Exotic Arctic Bacteria and Life on Europa
Until the 1970s, life, at least as the concept is generally understood, was believed to be entirely dependent on energy from the Sun. Plants on Earth's surface capture energy from sunlight to photosynthesize sugars from carbon dioxide and water, releasing oxygen in the process, and are then eaten by oxygen-respiring animals, passing their energy up the food chain. In 1977 chemosynthesis revolutionized the study of biology by revealing that life need not be sun-dependent; it only requires water and an energy gradient in order to exist. It opened up a new avenue in astrobiology by massively expanding the number of possible extraterrestrial habitats. In a fjord in Canada scientists have found a landscape similar to one of Jupiter's icy moons: Europa. It consists of a frozen and sulfurous environment, where sulfur associated with Arctic bacteria offer clues for the upcoming missions in the search for traces of life on Europa.
It is not easy to find a place on Earth where ice and sulfur come together, supposedly like on Europa, Jupiter's moon. Nonetheless, this place has been located at Borup Fjord Pass in the Canadian High Arctic. Borup Fjord Pass is located on Ellesmere Island, a remote and all but inaccessible place in the Canadian High Arctic. Gleeson, as a graduate student, spent time at the pass in 2006, taking samples of the unique yellow stains left by sulfur-rich springs on the surface of the ice.
US researchers have now verified that the sulfur involved in the life cycle of Arctic microorganisms has some characteristics that could help to detect biological remains on Europa. Large space agencies like NASA and the European Space Agency are already in the process of preparing missions.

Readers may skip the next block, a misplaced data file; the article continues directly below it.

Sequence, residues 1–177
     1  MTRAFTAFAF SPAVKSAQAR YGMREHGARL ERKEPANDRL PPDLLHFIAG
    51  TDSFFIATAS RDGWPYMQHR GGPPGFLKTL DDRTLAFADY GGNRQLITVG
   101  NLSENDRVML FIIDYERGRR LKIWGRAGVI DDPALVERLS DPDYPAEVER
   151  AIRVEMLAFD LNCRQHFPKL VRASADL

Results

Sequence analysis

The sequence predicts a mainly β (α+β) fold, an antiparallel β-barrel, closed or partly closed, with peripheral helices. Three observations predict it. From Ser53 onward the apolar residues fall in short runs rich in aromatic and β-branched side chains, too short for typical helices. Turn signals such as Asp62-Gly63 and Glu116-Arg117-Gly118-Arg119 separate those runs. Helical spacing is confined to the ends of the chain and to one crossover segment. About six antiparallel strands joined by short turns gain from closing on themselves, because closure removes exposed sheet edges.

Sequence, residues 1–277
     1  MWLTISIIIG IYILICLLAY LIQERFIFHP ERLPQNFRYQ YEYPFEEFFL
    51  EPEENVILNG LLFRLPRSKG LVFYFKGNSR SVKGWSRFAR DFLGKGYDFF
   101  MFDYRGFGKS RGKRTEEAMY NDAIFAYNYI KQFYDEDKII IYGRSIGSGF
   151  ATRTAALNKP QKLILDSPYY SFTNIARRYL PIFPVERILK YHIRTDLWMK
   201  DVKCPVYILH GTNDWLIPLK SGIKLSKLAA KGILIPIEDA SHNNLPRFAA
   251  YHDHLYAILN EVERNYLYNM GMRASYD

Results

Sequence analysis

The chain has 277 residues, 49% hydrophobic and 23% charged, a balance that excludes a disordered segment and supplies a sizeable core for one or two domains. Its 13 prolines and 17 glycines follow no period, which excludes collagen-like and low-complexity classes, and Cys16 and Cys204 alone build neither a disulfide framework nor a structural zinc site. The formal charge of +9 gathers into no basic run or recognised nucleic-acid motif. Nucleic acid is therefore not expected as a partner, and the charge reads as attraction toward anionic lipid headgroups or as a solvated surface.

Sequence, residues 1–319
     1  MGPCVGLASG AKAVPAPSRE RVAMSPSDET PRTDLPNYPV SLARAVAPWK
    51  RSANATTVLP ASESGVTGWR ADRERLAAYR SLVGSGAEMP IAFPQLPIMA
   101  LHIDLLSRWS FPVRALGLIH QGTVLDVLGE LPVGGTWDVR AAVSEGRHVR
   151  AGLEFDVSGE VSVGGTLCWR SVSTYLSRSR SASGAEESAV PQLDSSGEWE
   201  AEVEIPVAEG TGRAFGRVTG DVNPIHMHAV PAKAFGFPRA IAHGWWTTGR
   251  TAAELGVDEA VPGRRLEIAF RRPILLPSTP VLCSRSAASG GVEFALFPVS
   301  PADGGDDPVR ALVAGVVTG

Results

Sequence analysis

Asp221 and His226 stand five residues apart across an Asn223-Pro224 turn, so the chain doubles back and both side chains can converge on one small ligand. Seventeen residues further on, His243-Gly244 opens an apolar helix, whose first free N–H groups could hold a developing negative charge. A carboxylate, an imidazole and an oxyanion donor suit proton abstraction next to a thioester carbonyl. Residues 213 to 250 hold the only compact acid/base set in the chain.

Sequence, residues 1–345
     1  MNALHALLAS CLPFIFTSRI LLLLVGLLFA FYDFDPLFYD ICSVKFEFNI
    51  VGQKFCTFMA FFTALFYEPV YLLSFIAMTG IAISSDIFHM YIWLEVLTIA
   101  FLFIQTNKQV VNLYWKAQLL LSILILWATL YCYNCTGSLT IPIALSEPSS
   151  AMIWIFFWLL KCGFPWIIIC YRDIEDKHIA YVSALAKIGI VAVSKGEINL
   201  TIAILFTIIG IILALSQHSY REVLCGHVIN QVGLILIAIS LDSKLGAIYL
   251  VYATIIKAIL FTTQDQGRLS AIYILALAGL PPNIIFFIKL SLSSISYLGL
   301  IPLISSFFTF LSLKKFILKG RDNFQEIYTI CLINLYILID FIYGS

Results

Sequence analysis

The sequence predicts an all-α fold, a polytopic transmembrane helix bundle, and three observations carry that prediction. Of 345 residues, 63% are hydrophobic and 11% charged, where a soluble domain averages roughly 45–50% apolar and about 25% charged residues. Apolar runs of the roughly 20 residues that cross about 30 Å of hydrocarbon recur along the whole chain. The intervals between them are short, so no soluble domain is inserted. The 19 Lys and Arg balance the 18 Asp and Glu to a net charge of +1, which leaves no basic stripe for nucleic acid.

"We have discovered that elemental sulfur can contain morphological, mineralogical and organic biosignatures linked to bacterial activity. If they are found on Europa, this would suggest the possible presence of microorganisms," as explained to SINC by Damhnait Gleeson.
The glacial spring at Borup Fjord deposits sulfur, gypsum and calcite across glacial ice. Pure sulfur tends to react with oxygen to form gypsum, but it was shown that the sulfur was being replenished by microorganisms. Usefully, the sulfur produced by the microbes shows a complicated structure that is not apparent in control samples.
The biosignatures are associated with needle and rhomboid sulfur shapes in which mineralized remains of microorganisms and extracellular material appears. Thanks to electron microscopy and X-ray diffraction techniques, the formation of a rare type of sulfur has also been observed in association with organic components: the rosickyite. What is more is that small quantities (parts per million) of protein, fatty acids and other biomolecules have appeared in the sulfurous material.
"There is much evidence of bacterial activity," highlights Gleeson, who wonder if in the Europa's icy crust, or the ocean or lakes supposedly beneath it, there could be a similar microbial community that uses sulfur as their source of energy.
Most planetary scientists believe that a layer of liquid water exists beneath Europa's surface, and that heat energy from tidal flexing allows the subsurface ocean to remain liquid. Europa's surface temperature averages about −160 °C keeping Europa's icy crust as hard as granite. The first hints of a subsurface ocean came from theoretical considerations of tidal heating (a consequence of Europa's slightly eccentric orbit and orbital resonance with the other Galilean moons).
For further information see Arctic Ice.
Europa image via NASA.